Cancer Hope, Rigged Elections,
Low Renewable Energy Funding
Revealing News Articles
January 25, 2007
Below are one-paragraph excerpts of important news articles you may have missed. Each excerpt is taken verbatim from the major media website listed at the link provided. If any link fails to function, click here. These news articles include revealing information on hope for a cancer cure, rigged elections, low funding for renewable energy, and more. Key sentences are highlighted for those with limited time. By choosing to educate ourselves and to spread the word, we can and will build a brighter future.
Pioneering U.S. renewable energy lab is neglected
January 22, 2007, International Herald Tribune (Owned by New York Times)
Thirty years after it was founded by President Jimmy Carter, the National Renewable Energy Laboratory at the edge of the Rockies here still does not have a cafeteria. The hopes for this neglected lab brightened a bit just over a year ago when President George W. Bush made the first presidential call on the lab since Carter. But one year after the presidential visit, the money flowing into the primary national laboratory for developing renewable fuels is actually less than it was when the Bush Administration took office. "Our budget is nothing compared to the price of a B-2 bomber or an aircraft carrier," said Rob Farrington, manager of advanced vehicle systems at the lab. The problem is that, despite a lot of promises, no one so far has wanted to pay the extra costs to make wind and solar more than a trivial energy source. Most of the money and attention is still focused on the dirty, but cheaper energy standbys: offshore oil, oil sands and coal. Companies can still deduct purchases of sport utility vehicles and utility bills. Meanwhile, fuel efficiency standards for automobiles have changed only slightly over the decades. Renewable energy today supplies only 6 percent of America's energy needs. Under current policies [renewables] would supply 7 percent of U.S. energy supplies by 2030 while coal would increase over the same period from 23 percent to 26 percent. While top energy companies are ... beginning to invest significant amounts of money in wind, solar and biomass, those investments pale in comparison with the resources they are pouring into making synthetic fuels out of oil sands, which emit significantly more carbon than conventional oil.
Note: With all the talk about oil dependence and energy crisis, why wouldn't the government and industry want to put serious money into development of new energy sources? For a startlingly clear answer, click here.
Navy Can Keep Using Sonar for Two Years
January 23, 2007, Washington Post
The Defense Department gave the Navy permission Tuesday to keep training with sonar for another two years, a move denounced by activists who say the sound waves can harm dolphins and other marine mammals. Navy officials had sought the two-year exemption from the Marine Mammal Protection Act, allowed under the 2004 National Defense Authorization Act. The ranges are off Hawaii, Southern California and the East Coast. "We cannot stop training for the next two years," said Don Schregardus, deputy assistant secretary of the Navy for the environment. "That would put our sailors in the Navy at considerable risk." Environmentalists cite incidents of whales, porpoises and dolphins that have become stranded en masse on beaches after being exposed to sonar. "The Navy has more than enough room in the oceans to train effectively without injuring or killing endangered whales and other marine species," said Joel Reynolds, senior attorney at the Natural Resources Defense Council, which is suing the Navy over its sonar use. Navy officials said they're claiming a two-year exemption because a federal judge in California ruled last year that the Navy needed to do more detailed analysis of the effect its sonar training would have on the environment. The Navy says the new exemption will allow sailors to go ahead with 40 separate exercises over the next two years.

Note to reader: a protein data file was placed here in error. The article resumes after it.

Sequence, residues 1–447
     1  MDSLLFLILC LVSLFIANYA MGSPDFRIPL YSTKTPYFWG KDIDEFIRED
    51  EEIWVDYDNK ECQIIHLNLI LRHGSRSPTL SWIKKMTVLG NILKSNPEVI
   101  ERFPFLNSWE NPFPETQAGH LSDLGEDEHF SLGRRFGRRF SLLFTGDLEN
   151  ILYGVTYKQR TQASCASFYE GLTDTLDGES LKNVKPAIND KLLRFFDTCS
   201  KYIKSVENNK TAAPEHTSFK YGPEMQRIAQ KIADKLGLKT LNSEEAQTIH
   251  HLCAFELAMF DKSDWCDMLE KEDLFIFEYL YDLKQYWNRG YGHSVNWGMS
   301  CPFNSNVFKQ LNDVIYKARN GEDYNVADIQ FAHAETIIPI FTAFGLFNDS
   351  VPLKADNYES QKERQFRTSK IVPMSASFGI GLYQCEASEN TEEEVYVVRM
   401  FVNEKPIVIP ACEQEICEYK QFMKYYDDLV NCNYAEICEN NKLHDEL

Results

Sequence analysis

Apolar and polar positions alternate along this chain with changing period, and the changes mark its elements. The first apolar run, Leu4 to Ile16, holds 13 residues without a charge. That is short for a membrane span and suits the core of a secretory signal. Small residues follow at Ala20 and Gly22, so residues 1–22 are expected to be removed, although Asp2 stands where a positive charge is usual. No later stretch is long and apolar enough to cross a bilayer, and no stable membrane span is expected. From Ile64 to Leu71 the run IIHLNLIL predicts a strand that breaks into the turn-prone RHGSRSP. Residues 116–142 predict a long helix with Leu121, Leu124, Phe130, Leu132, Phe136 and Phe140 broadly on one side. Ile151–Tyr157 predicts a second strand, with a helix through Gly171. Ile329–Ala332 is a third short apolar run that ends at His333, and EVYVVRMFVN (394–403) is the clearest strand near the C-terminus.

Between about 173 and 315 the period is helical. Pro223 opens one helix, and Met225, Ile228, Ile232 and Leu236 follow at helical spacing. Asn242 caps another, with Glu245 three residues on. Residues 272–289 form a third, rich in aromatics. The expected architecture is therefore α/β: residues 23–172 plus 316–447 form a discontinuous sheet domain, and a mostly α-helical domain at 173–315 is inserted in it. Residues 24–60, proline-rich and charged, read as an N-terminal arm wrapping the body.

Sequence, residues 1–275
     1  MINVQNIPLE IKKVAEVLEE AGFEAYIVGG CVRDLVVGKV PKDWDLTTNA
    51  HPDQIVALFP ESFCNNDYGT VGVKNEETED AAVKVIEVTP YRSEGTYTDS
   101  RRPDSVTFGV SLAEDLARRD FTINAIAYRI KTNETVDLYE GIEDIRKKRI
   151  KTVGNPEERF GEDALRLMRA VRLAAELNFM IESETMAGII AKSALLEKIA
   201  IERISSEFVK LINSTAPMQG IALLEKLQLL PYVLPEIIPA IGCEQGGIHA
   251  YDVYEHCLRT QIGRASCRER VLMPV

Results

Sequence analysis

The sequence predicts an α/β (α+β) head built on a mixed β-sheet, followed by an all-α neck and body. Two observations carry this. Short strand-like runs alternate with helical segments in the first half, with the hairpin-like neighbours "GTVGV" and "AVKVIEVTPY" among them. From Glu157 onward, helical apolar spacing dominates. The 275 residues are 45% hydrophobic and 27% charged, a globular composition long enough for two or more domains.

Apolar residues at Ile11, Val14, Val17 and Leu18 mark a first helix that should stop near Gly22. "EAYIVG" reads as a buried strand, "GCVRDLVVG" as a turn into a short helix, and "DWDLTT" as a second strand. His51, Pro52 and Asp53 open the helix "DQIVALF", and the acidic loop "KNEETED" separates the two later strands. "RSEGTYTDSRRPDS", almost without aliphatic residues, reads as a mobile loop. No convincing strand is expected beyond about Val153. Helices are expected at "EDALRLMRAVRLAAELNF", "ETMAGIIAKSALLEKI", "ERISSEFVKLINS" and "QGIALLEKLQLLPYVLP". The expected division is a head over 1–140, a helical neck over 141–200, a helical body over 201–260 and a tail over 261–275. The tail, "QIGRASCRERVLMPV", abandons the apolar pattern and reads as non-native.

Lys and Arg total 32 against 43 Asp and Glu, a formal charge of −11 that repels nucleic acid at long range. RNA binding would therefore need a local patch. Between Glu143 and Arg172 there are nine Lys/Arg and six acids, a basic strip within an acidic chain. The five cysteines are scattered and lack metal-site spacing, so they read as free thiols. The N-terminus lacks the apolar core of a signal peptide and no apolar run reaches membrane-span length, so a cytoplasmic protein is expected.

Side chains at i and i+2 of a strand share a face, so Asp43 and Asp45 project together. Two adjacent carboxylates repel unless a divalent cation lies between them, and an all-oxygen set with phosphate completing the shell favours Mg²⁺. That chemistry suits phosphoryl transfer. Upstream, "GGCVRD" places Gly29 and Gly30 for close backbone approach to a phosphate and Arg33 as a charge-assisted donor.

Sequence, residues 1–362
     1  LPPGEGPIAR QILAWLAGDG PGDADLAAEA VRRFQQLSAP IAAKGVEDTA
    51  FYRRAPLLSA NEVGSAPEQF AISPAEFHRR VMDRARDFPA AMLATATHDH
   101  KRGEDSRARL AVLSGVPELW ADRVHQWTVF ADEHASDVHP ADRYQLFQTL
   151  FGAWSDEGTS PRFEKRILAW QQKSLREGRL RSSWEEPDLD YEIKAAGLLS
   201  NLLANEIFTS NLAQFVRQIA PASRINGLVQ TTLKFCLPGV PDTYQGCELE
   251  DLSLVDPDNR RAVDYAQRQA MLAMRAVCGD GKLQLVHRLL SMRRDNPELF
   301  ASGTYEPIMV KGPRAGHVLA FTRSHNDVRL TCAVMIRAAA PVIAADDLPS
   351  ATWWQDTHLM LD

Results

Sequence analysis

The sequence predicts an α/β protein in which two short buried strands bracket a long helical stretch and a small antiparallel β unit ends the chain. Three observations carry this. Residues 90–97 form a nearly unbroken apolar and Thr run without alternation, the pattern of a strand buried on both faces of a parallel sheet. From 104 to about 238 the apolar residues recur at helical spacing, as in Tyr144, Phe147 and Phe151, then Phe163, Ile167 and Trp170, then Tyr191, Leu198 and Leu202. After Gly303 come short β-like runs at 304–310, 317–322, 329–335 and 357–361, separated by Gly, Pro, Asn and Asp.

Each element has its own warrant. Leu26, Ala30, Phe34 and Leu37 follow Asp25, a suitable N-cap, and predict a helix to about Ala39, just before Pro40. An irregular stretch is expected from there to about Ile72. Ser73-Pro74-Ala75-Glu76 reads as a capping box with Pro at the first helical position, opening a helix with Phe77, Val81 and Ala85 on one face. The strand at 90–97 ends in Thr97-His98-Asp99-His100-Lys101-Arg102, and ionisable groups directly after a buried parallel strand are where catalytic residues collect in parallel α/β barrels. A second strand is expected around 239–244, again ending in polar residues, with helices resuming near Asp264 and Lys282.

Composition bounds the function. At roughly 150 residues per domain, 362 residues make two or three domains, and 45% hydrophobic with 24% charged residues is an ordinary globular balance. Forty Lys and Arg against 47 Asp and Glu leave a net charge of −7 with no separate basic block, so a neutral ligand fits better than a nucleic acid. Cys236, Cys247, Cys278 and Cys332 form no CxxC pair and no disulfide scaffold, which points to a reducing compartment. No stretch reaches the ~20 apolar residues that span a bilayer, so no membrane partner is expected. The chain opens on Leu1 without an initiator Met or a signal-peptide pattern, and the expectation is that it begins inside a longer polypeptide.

Note: For major media news articles on the damaging effects of certain advanced types of sonar in question on whole schools of dolphins and whales, click here.
Surging and Purging
January 19, 2007, New York Times
Last month, Bud Cummins, the U.S. attorney (federal prosecutor) for the Eastern District of Arkansas, received a call on his cellphone while hiking in the woods with his son. He was informed that he had just been replaced by J. Timothy Griffin, a Republican political operative who has spent the last few years working as an opposition researcher for Karl Rove. Mr. Cummins's case isn't unique. Since the middle of last month, the Bush administration has pushed out at least four U.S. attorneys, and possibly as many as seven, without explanation. The list includes Carol Lam, the U.S. attorney for San Diego, who successfully prosecuted Duke Cunningham, a Republican congressman, on major corruption charges. The top F.B.I. official in San Diego told The San Diego Union-Tribune that Ms. Lam's dismissal would undermine multiple continuing investigations. In Senate testimony yesterday, Attorney General Alberto Gonzales refused to say how many other attorneys have been asked to resign, calling it a "personnel matter." Such a wholesale firing of prosecutors midway through an administration isn't normal. U.S. attorneys, The Wall Street Journal recently pointed out, "typically are appointed at the beginning of a new president's term, and serve throughout that term." Why, then, are prosecutors that the Bush administration itself appointed suddenly being pushed out? For the first time the administration is really worried about where corruption investigations might lead. The purge of U.S. attorneys looks like a pre-emptive strike against the gathering forces of justice.
U.S. attorney was forced out, Feinstein says
January 19, 2007, San Francisco Chronicle (San Francisco's leading newspaper)